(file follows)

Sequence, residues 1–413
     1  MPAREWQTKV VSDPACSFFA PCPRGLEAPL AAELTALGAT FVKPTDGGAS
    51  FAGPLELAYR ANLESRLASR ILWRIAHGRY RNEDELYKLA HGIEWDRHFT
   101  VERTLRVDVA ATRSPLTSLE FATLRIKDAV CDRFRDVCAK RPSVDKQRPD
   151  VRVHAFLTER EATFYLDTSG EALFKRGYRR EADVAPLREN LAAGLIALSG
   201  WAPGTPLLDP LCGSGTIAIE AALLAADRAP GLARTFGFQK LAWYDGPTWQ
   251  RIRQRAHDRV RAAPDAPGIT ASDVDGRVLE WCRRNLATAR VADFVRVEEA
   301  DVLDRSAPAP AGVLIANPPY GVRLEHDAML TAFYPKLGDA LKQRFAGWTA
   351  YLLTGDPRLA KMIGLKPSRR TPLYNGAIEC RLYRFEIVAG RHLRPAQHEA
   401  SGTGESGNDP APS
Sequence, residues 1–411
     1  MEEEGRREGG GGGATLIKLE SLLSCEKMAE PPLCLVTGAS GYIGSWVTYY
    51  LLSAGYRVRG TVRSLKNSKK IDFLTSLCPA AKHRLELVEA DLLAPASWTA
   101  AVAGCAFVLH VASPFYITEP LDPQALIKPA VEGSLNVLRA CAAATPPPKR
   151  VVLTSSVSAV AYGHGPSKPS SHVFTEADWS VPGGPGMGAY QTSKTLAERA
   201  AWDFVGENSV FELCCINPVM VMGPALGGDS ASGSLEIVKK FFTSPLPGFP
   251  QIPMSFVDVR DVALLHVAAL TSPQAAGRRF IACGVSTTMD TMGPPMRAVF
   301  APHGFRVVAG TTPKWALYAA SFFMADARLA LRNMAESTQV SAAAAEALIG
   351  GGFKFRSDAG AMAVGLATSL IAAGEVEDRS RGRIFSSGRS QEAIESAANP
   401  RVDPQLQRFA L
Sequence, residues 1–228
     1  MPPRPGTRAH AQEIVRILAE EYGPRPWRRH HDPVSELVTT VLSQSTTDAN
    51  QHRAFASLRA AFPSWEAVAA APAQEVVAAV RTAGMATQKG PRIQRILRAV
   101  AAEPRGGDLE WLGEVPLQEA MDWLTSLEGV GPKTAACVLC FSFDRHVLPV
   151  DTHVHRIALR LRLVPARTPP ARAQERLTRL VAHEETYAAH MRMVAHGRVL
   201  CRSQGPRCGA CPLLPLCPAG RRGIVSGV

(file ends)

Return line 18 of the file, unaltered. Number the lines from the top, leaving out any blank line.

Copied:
   301  APHGFRVVAG TTPKWALYAA SFFMADARLA LRNMAESTQV SAAAAEALIG